American Evangelicalism: New Leaders, New Faces, New Issues
Scholar Michael Lindsay argues that the deep divisions in the movement are not between the political left and right, or the young and old, but between “cosmopolitan” and “populist” evangelicals.
Does McCain Need Evangelical Voters?
Sizeable numbers of white evangelical Protestants are already part of McCain’s coalition despite opposition from some religious conservatives. On the Democratic side, Clinton will need to mobilize black Protestants while Obama has not connected with Jewish voters.
Will Evangelical Voters Rally Around a Single Candidate in 2008?
As voting patterns and preferences among evangelicals have become more fluid, their electoral impact may extend beyond the primaries and affect both parties in November. Two experts from the Pew Forum on Religion & Public Life discuss this critical voting bloc.
Young White Evangelicals: Less Republican, Still Conservative
An analysis of Pew Research Center surveys conducted between 2001 and 2007 suggests that young white evangelicals have become increasingly dissatisfied with Bush and are moving away from the GOP. How will these changes affect the vote in 2008 and beyond?
¡Here Come ’Los Evangélicos’!
Next week’s National Hispanic Prayer Breakfast in Washington, D.C. illustrates the growing presence and increasing political influence of Latino evangelicals. If Republicans have a prayer of making deep inroads into the Hispanic community, evangelicals may well provide their most direct route.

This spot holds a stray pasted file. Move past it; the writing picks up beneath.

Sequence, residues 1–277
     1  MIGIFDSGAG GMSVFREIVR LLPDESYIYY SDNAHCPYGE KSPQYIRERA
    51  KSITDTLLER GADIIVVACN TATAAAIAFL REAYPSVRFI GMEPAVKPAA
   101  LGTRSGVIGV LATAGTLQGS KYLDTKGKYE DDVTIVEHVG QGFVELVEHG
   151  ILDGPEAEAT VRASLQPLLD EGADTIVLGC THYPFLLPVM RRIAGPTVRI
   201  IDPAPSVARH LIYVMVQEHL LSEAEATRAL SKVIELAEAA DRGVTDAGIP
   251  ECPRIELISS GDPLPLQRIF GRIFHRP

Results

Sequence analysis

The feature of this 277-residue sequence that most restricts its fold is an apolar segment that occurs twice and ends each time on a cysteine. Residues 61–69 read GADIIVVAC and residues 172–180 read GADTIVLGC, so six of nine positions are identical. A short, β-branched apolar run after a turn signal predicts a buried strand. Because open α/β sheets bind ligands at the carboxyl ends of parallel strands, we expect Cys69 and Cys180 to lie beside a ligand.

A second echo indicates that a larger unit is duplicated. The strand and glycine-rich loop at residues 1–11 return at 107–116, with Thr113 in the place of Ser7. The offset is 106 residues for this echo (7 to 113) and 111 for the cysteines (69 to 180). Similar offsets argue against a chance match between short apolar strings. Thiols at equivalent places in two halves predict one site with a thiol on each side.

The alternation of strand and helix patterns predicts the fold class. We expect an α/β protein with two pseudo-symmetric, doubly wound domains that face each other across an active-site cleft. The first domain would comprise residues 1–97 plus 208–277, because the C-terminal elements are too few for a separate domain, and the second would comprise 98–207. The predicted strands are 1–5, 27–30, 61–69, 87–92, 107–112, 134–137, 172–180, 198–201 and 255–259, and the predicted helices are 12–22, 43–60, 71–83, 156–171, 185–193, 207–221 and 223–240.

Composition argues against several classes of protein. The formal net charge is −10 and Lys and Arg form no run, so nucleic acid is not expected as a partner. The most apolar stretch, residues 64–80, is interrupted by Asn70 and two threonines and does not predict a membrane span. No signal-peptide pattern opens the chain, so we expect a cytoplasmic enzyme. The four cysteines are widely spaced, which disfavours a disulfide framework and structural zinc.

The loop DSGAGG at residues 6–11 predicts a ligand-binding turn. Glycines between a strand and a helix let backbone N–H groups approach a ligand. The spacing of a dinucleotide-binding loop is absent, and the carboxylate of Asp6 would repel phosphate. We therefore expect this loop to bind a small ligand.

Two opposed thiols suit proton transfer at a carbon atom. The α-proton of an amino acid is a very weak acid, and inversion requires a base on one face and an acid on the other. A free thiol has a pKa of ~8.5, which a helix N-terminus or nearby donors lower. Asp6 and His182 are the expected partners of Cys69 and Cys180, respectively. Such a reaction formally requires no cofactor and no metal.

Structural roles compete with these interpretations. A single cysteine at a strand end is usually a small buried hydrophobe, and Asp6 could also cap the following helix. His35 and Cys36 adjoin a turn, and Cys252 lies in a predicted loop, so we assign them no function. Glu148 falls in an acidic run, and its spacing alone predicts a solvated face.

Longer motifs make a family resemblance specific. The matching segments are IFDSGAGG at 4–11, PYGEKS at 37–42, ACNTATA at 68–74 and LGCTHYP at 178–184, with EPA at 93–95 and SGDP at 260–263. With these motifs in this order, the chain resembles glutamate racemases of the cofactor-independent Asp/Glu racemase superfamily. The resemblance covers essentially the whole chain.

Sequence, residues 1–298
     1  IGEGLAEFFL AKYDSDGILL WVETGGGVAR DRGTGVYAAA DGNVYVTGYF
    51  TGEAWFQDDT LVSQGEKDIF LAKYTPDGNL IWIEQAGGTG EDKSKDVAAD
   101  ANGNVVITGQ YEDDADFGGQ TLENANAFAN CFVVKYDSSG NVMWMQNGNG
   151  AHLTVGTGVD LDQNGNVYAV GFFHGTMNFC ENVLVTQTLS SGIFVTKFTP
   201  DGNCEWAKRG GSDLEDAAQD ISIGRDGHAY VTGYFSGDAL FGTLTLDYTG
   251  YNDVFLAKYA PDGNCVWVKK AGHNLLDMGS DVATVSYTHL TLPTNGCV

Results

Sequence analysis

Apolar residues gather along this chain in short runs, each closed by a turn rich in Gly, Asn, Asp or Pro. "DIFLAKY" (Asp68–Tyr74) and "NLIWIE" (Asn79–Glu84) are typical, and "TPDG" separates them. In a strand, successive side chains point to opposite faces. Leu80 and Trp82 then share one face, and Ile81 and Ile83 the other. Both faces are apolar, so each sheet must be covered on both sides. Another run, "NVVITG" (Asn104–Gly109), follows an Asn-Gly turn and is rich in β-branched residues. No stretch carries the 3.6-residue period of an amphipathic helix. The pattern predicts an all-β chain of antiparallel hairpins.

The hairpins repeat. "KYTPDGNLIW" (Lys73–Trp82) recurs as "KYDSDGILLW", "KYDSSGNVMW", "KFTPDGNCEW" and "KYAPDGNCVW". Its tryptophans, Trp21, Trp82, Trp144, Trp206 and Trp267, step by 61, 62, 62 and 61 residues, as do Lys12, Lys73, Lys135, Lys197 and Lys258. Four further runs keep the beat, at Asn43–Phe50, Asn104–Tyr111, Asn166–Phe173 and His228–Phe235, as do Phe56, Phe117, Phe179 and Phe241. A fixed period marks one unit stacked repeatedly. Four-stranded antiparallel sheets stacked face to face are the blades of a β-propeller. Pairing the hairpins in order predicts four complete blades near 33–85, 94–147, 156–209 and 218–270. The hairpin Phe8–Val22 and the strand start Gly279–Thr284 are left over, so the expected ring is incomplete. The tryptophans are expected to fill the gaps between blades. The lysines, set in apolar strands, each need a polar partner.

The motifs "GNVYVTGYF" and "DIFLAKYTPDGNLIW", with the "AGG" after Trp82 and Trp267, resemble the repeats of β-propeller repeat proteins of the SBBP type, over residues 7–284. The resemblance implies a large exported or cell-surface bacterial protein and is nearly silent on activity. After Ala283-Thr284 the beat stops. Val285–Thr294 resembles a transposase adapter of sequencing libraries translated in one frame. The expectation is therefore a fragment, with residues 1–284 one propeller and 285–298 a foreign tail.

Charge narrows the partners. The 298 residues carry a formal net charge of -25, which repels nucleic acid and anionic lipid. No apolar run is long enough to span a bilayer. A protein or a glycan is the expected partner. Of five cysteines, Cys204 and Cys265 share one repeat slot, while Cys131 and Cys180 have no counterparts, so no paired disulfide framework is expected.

Rev. Falwell’s Moral Majority: Mission Accomplished?
When the late Rev. Jerry Falwell disbanded the Moral Majority in 1989, he declared that “our mission is accomplished.” If Falwell meant that evangelical Christians had come to accept the idea that organized religion should play an activist role in the political process, his claim of success is well-supported by public opinion surveys.
Evangelicals and the GOP: An Update
White evangelical Protestants have become the most important part of the Republican Party’s electoral base, making up nearly one-in-four of those who identify with the GOP and vote for its candidates. This analysis examines the current state of evangelical support for the GOP, in light of the approaching 2006 elections.
In recent years, evangelicals have helped to put conservatives at the helm of U.S. foreign policy, while focusing their energies on a few issues including support for Israel and promotion of religious freedom abroad. Now, they are showing interest in global warming and other issues traditionally seen as liberal.
Will White Evangelicals Desert the GOP?
Although President Bush’s approval rating has declined as much among white evangelicals as among the public as a whole, so far evangelicals don’t seem likely to abandon the GOP this fall.